Study challenges theory on affirmative action Ex-university presidents track benefits to whites and blacks over 20 years

September 09, 1998|By NEW YORK TIMES NEWS SERVICE

A major new study of the records and experiences of tens of thousands of students over 20 years at some of the top U.S. colleges and universities concludes that affirmative action policies created the backbone of the black middle class and taught young whites the value of integration.

The study, which challenges much of the conservative thinking about affirmative action, is to be released today by Princeton University Press in a book: "The Shape of the River: Long-Term Consequences of Considering Race in College and University Admissions."

It was written by two former Ivy League presidents, William Bowen of Princeton University, an economist, and Derek Bok of Harvard University, a political scientist.

Examining grades, test scores, choice of major, graduation rates, careers and attitudes of 45,000 students at 28 of the most selective schools, the authors say that although they are both advocates of race-conscious admissions policies, they wanted to test the assumptions underlying them.

They say their work should put to rest major objections to such policies, especially that both whites and blacks are ultimately cheated by them.

With its rich database and carefully calibrated tone, the study will most likely lead the charge in a liberal counteroffensive to recast the debate over affirmative action, which in the past two years has been rolled back in California and Texas and is challenged in Michigan and Washington.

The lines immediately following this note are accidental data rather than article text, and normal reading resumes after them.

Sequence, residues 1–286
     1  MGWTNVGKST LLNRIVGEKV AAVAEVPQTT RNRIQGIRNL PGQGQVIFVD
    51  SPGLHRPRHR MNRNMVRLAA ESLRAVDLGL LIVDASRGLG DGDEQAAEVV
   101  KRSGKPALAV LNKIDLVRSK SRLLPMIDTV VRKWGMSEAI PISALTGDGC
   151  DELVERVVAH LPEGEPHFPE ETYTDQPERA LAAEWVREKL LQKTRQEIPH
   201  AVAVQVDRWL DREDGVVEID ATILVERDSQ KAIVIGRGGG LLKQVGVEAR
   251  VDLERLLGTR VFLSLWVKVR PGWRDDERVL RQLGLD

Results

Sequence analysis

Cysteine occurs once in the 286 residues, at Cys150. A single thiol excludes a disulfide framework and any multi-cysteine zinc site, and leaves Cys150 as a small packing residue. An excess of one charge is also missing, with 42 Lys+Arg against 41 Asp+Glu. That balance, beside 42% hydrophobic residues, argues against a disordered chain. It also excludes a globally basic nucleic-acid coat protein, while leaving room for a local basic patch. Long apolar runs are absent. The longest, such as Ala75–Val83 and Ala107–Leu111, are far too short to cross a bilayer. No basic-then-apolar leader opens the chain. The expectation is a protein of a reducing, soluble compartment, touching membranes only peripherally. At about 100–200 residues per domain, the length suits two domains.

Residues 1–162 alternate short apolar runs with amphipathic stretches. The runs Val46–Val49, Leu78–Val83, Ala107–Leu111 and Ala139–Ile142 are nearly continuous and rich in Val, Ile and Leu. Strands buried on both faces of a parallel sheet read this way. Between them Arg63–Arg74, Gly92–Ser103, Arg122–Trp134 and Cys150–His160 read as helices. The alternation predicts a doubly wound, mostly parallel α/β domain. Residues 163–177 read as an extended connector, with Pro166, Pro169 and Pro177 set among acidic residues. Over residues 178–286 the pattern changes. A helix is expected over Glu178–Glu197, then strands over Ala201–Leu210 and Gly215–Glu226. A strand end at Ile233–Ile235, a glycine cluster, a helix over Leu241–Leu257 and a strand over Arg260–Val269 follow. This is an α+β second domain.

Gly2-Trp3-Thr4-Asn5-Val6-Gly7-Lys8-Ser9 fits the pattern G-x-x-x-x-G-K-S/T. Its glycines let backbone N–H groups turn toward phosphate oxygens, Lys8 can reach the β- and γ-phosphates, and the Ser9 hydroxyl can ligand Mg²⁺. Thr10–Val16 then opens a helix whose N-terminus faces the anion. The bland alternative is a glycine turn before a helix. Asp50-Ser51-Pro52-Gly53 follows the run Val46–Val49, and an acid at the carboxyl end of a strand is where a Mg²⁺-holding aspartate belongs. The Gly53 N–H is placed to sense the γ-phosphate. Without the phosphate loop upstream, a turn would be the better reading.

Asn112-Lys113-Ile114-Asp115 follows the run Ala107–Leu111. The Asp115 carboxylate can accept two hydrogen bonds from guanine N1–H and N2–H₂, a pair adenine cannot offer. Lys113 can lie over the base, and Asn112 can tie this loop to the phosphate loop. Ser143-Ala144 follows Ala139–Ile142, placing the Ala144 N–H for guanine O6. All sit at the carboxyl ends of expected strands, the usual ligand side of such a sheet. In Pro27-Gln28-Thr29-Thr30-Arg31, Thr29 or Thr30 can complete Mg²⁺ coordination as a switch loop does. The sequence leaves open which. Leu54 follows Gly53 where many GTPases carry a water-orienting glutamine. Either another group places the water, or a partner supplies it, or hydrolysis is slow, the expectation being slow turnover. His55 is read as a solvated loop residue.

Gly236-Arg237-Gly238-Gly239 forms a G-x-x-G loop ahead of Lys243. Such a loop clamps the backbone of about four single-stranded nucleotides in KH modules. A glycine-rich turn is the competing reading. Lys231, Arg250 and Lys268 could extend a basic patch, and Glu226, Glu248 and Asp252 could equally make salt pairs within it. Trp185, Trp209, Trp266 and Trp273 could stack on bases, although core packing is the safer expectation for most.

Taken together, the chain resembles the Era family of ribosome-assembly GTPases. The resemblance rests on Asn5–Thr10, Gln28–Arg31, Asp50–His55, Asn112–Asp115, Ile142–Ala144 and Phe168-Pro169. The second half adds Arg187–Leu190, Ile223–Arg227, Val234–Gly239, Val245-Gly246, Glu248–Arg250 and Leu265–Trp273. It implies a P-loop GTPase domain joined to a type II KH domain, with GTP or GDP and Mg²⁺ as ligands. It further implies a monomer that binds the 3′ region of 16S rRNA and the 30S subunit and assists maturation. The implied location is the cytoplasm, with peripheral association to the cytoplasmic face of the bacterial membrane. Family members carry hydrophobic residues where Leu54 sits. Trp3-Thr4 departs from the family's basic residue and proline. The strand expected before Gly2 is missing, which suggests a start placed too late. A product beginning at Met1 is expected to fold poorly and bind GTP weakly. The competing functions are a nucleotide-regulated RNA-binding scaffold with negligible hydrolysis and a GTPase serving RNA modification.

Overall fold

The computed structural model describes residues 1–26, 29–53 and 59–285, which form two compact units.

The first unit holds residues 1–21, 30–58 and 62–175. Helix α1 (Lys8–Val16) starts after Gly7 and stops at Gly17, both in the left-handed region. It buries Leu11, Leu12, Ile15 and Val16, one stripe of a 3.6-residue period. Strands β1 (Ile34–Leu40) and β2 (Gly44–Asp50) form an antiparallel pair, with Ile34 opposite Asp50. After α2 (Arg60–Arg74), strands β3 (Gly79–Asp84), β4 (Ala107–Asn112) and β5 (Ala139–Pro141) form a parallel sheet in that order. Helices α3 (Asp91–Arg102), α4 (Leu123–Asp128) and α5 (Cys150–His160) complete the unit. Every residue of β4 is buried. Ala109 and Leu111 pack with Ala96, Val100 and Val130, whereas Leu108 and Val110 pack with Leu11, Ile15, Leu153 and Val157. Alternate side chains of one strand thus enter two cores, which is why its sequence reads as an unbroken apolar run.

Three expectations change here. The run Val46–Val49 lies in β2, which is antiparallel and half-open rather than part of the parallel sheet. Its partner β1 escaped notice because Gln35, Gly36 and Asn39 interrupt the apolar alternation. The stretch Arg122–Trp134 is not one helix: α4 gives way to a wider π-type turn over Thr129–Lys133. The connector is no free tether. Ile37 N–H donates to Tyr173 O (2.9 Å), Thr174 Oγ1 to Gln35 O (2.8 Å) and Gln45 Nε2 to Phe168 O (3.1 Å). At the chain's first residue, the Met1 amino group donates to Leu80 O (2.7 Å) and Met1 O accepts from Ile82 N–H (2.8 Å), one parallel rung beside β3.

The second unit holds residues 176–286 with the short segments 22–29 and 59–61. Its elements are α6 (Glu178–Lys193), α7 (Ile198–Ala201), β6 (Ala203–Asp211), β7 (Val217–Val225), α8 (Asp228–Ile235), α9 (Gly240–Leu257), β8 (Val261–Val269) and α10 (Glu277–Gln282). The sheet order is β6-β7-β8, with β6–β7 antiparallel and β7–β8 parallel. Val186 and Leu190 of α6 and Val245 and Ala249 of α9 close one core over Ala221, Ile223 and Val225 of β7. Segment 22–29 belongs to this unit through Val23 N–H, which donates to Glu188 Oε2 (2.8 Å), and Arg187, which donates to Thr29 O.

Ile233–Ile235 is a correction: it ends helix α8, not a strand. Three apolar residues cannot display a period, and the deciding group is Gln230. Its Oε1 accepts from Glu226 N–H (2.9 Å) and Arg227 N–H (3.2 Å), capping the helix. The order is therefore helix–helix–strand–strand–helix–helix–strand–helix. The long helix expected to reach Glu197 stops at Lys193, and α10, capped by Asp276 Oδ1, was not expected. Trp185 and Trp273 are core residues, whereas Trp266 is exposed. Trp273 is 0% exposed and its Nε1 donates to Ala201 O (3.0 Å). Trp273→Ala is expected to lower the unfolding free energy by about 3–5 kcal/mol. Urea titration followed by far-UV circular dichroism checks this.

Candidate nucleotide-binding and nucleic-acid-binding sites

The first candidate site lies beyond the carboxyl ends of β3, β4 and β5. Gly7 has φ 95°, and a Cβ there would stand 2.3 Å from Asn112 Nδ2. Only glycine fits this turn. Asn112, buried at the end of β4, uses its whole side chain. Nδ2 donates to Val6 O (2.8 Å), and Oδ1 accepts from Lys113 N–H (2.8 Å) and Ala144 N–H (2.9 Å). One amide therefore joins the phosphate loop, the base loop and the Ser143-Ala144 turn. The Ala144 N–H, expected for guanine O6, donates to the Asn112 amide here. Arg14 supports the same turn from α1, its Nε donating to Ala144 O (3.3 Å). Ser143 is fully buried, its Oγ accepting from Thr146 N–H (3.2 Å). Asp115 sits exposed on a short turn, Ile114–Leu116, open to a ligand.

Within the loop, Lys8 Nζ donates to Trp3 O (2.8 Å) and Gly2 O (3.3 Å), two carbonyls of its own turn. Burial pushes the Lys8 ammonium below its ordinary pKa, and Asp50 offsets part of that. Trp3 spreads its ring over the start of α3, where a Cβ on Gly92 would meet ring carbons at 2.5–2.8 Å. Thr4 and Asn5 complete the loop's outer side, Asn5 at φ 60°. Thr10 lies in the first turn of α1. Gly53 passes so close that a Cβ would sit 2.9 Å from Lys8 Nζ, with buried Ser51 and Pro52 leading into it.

The counteroffensive, involving books, articles and academic conferences, seeks to broaden the notion of "merit" beyond tests and grades and hails affirmative action less as a means of overcoming past discrimination -- an older argument with decreasing political support -- and more as a way to ensure a healthier future for whites and blacks.

Among the other new studies are "Chilling Admissions: The Affirmative Action Crisis and the Search for Alternatives," published by the Civil Rights Project of Harvard University, and "The Black-White Test Score Gap" from the Brookings Institution.

The Bowen-Bok study limits itself to the practice of race-conscious admissions in elite higher education; that is, to considering the race of applicants to be a critical factor in whether they should be admitted, as important as, say, their region of origin or their extracurricular activities.

The study begins by documenting the problem clearly: Blacks who enter elite institutions do so with lower test scores and grades than whites. As they work their way through such liberal arts colleges as Yale and Princeton and state schools such as the universities of Michigan and North Carolina, blacks receive lower grades and graduate at a lower rate.

But after graduation, the survey found, these students achieve notable successes. They earn advanced degrees at rates identical to those of their white classmates. They are even slightly more likely than whites from the same institutions to obtain professional degrees in law, business and medicine. And they become more active than their white classmates in civic and community activities.

The authors call black graduates of elite institutions "the backbone of the emergent black middle class" and say that their influence extends well beyond the workplace. "They can serve as strong threads in a fabric that binds their own community together and binds those communities into the larger social fabric as well."

One of the most striking findings is how much an elite college education serves as a pathway to success for all races. Blacks who graduate from elite colleges earn 70 percent to 85 percent more than do black graduates overall.

Pub Date: 9/09/98

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